The impacts of racism and racial discrimination have been consistently, repeatedly, profoundly demonstrated in the health arena.
A study in the New Zealand Medical Journal found that just two percent of Maori diagnosed with clinical depression were offered pharmaceutical intervention compared with 45 percent of non-Maori patients with the same diagnosis.
Why is it that study after study tells us that Maori obtain fewer referrals, fewer diagnostic tests, reduced access to medical care and rehabilitation services, less effective treatment plans?
Wellington School of Medicine researcher Bridget Robson has documented how health professionals speak about their Maori patients in terms different to others.
They are described as 'non-compliant', less likely to turn up for appointments, to take their medicine. Fewer investigations are ordered, fewer blood tests taken, Maori are less likely to be recommended for follow up appointments or referred to hospital specialists for care.
What is this, other than racism and discrimination?
It may not be as obvious as a bigoted slur, a prejudical remark, the type of in your face internet attack of the newnation website.
This is the pattern and practice of policies which blatantly manifest a monocultural bias.
Now it's not often that I will return to a Government document as a source of wisdom to guide us into the future.
But there is one exception. A document which was produced for the Minister of Social Welfare from a committee which was charged with investigating and reporting, from a Maori perspective, on one of the largest departments of state - none other than the then Department of Social Welfare.
That committee met with thousands of people, studied the history of this country over the last 150 years, and produced a report which recommended significant changes in the policies and practices of Government agencies. I quote, then, from that report:
The persistent myth advanced to explain the cause of Maori disadvantage is that Maori have not adapted or have failed to grasp the opportunity that society offers. This is the notion that poverty is the fault of the poor.
The fact is though that New Zealand institutions manifest a monocultural bias and the culture which shapes and directs that bias is Pakehatanga.
The bias can be observed operating in law, government, the professions, healthcare, land ownership, welfare practices, education, town planning, the police, finance, business and spoken language. It permeates the media and our national economic life.
If one is outside one sees it as the system. If one is cocooned within it, one sees it as the normal condition of existence.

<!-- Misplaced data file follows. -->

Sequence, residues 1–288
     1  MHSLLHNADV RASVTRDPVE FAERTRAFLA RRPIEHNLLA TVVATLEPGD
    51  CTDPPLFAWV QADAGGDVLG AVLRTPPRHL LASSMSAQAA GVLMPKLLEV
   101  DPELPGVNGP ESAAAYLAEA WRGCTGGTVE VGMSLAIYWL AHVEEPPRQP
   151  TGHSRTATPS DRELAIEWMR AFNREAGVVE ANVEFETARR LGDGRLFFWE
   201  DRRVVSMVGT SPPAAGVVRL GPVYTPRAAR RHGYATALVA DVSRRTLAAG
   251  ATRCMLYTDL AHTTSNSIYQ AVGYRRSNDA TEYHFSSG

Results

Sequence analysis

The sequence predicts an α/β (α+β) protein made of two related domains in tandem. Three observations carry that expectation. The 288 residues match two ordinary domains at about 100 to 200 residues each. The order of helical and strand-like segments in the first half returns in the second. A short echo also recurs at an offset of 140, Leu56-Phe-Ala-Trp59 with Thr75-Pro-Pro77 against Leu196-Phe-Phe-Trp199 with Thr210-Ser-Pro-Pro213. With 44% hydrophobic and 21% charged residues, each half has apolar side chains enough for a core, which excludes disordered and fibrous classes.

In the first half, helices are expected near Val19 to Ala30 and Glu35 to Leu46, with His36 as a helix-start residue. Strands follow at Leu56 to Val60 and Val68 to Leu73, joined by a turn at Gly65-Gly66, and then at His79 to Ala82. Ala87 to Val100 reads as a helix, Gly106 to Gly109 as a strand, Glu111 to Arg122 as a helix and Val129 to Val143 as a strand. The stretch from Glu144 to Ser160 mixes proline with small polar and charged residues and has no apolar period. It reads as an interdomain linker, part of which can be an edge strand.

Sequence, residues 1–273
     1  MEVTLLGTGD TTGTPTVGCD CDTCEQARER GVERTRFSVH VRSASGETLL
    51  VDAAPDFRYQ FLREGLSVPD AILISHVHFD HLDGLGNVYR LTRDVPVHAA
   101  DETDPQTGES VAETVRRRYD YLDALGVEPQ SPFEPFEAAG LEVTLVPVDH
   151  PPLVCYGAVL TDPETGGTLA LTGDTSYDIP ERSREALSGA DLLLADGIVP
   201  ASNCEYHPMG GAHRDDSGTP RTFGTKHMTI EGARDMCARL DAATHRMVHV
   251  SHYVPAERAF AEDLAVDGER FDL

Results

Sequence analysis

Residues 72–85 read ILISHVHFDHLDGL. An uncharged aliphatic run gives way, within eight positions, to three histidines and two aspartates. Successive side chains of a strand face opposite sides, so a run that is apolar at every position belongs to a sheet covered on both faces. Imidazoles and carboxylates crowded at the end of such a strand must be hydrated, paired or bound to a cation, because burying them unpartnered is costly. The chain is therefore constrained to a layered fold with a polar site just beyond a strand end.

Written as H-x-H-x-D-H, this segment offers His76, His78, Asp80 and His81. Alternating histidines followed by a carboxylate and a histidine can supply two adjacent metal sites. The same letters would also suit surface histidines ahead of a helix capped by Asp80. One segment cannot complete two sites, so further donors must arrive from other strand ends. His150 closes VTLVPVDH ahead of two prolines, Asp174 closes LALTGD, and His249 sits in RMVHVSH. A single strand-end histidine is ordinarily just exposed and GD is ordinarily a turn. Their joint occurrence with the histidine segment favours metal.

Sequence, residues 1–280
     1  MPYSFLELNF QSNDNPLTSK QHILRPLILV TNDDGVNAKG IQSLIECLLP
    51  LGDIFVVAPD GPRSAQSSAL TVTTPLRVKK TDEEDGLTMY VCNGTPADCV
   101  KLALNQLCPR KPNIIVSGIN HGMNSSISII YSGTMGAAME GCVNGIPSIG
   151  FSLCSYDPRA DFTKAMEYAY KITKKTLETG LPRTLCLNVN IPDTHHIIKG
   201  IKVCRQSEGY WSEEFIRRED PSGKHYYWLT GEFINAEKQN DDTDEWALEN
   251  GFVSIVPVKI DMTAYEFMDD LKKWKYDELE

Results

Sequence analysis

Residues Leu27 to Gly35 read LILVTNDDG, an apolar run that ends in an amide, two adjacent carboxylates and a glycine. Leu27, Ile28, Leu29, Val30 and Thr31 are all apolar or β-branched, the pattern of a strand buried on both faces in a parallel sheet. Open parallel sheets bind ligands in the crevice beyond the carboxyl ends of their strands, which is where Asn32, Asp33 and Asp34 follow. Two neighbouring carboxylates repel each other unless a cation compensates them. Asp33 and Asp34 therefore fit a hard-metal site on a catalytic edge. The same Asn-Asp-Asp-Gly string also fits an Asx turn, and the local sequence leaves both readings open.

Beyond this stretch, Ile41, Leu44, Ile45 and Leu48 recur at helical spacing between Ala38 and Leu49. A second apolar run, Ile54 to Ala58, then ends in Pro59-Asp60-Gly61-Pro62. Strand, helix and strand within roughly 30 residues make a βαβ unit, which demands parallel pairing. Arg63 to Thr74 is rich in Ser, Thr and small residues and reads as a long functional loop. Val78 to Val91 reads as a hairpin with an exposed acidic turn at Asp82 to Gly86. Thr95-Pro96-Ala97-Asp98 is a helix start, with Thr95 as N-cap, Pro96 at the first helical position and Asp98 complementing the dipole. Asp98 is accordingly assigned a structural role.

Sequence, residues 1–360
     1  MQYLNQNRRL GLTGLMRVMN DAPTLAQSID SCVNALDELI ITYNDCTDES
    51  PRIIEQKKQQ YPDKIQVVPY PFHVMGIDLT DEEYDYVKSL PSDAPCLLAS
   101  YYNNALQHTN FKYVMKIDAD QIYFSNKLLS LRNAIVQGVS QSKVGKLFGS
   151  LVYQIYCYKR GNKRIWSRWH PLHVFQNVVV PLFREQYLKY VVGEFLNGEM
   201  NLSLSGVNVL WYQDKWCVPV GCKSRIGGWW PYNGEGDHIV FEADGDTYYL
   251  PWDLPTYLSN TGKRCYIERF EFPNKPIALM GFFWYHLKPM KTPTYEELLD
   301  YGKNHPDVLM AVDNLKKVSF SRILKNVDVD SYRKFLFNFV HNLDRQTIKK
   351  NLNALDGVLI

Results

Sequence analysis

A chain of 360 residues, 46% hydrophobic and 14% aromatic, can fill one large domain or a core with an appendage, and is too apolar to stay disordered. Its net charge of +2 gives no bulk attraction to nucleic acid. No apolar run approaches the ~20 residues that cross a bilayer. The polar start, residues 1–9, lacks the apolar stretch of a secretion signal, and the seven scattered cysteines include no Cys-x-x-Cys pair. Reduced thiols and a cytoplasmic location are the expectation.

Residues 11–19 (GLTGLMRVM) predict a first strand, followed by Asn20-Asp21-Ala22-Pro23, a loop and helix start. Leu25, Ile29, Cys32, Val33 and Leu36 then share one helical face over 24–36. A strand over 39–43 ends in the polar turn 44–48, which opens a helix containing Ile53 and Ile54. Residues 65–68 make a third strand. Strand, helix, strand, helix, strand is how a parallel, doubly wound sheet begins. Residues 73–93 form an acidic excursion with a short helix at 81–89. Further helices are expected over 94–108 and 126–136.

This report was a huge statement of change, a manifesto for revolution. If implemented, the normal condition of existence would never have been the same again.
The report chronicled the problems and consequences of cultural imperialism, deprivation and alienation. But it also drew on the interest, concern and energy in the community for what the report described as heralding a new dawn, Puao-te-ata-Tu.
I look back to that report back and see the evidence of deeply embedded structural inequalities still active in 2008.
That committee reported to Government on 1 July 1986. Twenty two years later the enduring discrimination and alienation is still manifest.
But what is also of huge concern, is the ongoing antagonism about cultural diversity demonstrated by some sectors of our population. An antagonism which appears to be fueled by increasing economic hardship, burgeoning immigration and the sense of alienation and exclusion some groups feel in this 'new nation'.
It is my contention that the personal racism experienced by individuals will not subside until we address the experience of systematized discrimination as an institutional phenomenon.
The Maori Party is channeling its efforts into a Private Members Bill which addresses the institutional racism which is played out in employment, housing, schooling, justice and health.
We will be seeking strategies which will reduce the monocultural bias evident in agencies of power.
We are looking for ideas about how to make our institutions more culturally inclusive, our practitioners more culturally competent, our environments culturally safe.
We know such change doesn't start at the counter alone. It isn't about having copies of Mana magazine in waiting rooms, or bilingual signage as the sole content of the change strategy.
It is change which is about all of us, confronting our prejudices, feeling our discomfort and seeking to address our own limitations.
The Irish woman who emailed our offices has given me great hope that we can make the difference necessary to ensure a better future. She identified the injustice, she sought advice about how to address the racism, and then she went out and did it.
She picked up the phone, she pushed the send button, she laid a formal complaint.
Little steps that represent the leaps of courage we all need to take to ensure change happens.
In doing so, we are preparing the way to transform this nation, to ensure the basis of power in our future lies with us all, Kei a tatou tahi.